We had an unforgettable experience on our rainforest tour thanks to Santos, the incredible naturalist guide. We were able to ask as many questions as we wanted and our guide was happy to tailor the tour to our interests. It felt like we were getting a personalized rainforest education.  He completed his naturalist guide training and had to undergo over 300 hours of field experience with a biologist. We were all so impressed that we wanted to take him home with us and make him our personal rainforest guide for life. He knew more about the flora and fauna of the rainforest than the plants themselves!  He was able to identify every plant and animal we came across and shared fascinating insights about the rainforest’s ecology and conservation efforts. The scenery was breathtaking, but it was our guide’s infectious sense of humor that really made the tour memorable. Whether he was regaling us with tales of his own misadventures or cracking clever one-liners, he had us all in stitches.

Llanos de Cortes Waterfall in Guanacaste

When it comes to getting around Costa Rica, we figured out the best way was a sightseeing cruise down their section of the Pan-American Highway – and boy did time fly. We cruised down a section of the Pan-American Highway, which starts in Prudhoe Bay, Alaska in the United States and treks all the way to Ushuaia, Tierra del Fuego in Argentina, at the southern tip of South America. Let’s just say, we saw more of Costa Rica than a sloth sees in a lifetime. Santos kept us entertained with his jokes and stories. As we wound our way through the lush, green hills of Costa Rica Santos pointed out everything from tropical fruit stands to exotic wildlife, and we found ourselves laughing along with his jokes and stories.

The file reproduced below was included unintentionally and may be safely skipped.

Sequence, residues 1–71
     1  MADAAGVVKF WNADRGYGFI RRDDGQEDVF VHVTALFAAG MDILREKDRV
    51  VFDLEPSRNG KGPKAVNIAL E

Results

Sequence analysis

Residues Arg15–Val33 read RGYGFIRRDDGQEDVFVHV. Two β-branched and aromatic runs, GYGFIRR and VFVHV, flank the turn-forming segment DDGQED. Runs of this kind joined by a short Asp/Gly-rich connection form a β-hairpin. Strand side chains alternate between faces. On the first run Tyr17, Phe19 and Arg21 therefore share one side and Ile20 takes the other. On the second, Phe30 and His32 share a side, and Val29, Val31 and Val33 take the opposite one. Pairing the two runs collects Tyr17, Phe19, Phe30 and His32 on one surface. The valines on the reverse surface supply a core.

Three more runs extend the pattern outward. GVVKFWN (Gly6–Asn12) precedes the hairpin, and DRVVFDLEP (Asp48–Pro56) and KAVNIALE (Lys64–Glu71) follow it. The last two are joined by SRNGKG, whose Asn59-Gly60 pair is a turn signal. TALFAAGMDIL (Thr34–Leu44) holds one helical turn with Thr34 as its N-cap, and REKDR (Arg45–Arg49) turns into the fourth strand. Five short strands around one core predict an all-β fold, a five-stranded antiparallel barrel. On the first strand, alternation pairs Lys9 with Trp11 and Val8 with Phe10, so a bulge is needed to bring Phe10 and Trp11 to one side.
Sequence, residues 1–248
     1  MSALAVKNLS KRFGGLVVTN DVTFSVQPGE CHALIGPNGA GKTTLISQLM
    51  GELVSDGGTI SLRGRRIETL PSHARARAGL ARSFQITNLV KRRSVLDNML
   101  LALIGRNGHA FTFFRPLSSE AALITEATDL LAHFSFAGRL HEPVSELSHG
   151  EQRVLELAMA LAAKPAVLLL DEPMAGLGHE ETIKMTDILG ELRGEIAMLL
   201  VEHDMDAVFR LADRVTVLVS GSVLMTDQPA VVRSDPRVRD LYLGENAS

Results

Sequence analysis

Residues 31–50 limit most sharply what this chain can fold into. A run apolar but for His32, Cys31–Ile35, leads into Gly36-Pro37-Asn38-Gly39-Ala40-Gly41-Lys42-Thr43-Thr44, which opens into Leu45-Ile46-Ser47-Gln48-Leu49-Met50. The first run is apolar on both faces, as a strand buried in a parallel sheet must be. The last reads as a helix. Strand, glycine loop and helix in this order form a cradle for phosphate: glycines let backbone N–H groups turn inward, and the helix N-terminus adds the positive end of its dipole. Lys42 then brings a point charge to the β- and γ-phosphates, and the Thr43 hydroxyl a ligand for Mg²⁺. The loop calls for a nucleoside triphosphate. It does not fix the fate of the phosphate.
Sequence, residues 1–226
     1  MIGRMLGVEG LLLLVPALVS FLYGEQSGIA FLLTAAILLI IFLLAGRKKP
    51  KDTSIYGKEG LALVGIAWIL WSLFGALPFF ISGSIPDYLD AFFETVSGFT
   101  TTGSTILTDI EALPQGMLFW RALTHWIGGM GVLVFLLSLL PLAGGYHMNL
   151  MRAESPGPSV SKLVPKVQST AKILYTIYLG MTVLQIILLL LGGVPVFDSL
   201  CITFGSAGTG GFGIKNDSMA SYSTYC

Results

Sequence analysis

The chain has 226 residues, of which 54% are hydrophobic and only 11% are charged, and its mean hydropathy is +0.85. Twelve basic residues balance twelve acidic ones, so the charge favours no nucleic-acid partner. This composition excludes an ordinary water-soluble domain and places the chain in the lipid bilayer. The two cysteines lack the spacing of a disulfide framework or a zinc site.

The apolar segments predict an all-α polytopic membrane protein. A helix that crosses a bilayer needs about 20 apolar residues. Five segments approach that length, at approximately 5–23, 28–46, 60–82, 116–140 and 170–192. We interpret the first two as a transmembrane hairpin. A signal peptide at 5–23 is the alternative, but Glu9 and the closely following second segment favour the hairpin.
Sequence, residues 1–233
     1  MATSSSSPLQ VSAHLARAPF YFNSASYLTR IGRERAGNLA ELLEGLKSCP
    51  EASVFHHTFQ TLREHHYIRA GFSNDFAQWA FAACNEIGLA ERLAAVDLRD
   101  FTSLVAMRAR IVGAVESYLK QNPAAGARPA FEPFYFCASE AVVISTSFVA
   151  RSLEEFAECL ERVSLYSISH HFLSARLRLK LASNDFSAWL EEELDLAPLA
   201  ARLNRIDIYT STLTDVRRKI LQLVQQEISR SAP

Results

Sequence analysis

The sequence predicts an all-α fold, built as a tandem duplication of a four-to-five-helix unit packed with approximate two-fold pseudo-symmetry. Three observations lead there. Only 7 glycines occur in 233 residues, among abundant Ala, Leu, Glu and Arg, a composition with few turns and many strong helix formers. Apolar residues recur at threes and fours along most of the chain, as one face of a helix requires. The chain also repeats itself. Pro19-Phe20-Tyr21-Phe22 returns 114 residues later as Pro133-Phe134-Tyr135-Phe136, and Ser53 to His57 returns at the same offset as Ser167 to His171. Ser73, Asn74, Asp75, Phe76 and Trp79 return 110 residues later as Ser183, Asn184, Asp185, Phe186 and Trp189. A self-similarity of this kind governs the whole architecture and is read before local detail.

We started our day trip to  Llanos de Cortes Waterfall.  The waterfall is located in the province of Guanacaste, just a short drive from Liberia, and is a popular spot for tourists and locals alike. As you approach the waterfall, you’ll hear the sound of rushing water getting louder and louder. And then, suddenly, you’ll emerge from the forest to be greeted by the breathtaking sight of Llanos de Cortes Waterfall. The waterfall is a beautiful curtain of water cascading down from a height of about 12 meters (40 feet) into a large, turquoise pool below. It was like a scene from a movie, except there were no handsome actors, only us sweaty and out-of-breath tourists.